We also made a divergence time analysis, which suggests the origin of the superfamily around 100 million years ago. The major diversification started, however, around the Creatceous-Paleogene (K-Pg) boundary (red, dotted line in the figure below). We also tested the hypotheses that the break-up of Gondwana may explain the division within the Gondwanan clade. However, we only found evidence for the split between Australian Bothriembryon and South American Discoleus and Plectostylus, node V, is according to the known geological data of break-up of Gondwana. The other splits within this clade need hypotheses of long-distance dispersal. As land snails are generally thought not to be dispersed over long distances, despite a growing evidence to the contrary, this remains a puzzle to be solved. Note that an ancestor could have been dispersed shortly after the breaking of Gondwana was started, resulting in shorter distances than the present geography suggests.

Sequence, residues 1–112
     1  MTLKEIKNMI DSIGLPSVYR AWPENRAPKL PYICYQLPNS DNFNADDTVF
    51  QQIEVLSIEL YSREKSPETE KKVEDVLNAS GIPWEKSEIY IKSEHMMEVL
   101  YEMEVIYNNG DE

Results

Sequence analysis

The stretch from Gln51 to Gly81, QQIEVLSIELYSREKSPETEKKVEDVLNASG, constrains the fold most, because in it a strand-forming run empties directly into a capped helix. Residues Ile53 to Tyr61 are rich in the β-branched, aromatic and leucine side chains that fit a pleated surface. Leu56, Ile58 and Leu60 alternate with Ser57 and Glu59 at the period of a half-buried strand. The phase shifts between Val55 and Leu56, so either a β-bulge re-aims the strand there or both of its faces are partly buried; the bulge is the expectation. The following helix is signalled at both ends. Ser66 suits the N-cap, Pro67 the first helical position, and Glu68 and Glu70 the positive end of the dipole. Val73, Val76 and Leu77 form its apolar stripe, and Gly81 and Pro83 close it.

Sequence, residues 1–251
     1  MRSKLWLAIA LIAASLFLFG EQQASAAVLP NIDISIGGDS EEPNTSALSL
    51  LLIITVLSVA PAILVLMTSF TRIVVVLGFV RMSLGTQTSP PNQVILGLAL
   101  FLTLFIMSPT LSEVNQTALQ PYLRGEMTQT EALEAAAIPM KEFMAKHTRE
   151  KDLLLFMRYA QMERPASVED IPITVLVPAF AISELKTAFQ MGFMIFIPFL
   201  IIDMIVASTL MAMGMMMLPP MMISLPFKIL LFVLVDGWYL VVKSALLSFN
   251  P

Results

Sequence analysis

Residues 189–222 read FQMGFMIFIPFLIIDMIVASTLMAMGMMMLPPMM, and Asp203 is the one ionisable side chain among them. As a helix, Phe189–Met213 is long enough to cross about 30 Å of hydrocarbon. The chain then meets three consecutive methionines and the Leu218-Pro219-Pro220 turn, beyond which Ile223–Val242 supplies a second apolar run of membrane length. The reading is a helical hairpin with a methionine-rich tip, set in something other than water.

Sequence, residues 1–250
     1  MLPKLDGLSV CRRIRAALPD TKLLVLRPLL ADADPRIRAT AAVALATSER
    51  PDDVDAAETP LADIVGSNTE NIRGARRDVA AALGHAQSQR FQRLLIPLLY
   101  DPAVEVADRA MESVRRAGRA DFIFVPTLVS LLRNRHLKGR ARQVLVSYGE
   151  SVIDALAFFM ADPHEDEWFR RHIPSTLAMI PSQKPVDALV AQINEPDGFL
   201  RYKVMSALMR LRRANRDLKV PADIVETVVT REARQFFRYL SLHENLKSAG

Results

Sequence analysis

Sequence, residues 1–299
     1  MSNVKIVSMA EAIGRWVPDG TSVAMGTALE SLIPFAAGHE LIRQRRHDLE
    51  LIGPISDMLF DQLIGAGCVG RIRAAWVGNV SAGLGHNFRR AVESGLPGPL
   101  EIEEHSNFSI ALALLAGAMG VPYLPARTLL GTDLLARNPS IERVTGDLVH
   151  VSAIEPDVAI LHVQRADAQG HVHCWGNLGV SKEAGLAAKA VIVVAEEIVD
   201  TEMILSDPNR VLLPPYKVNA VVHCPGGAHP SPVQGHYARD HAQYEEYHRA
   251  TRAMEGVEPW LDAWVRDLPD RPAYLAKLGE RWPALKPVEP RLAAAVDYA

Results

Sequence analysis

Breure, A.S.H., Groenenberg, D.S.J. & Schilthuizen, M., 2010. New insights in the phylogenetic relations within the Orthalicoidea (Gastropoda, Stylommatophora) based on 28S sequence data. – Basteria 74: 25-31.
Breure, A.S.H. & Romero, P.E., 2012. Support and surprises: molecular phylogeny of the land snail superfamily Orthalicoidea (Gastropoda, Stylommatophora) using a three-locus gene analysis with a divergence time analysis and ancestral area reconstruction. – Archiv für Molluskenkunde 141: 1-20.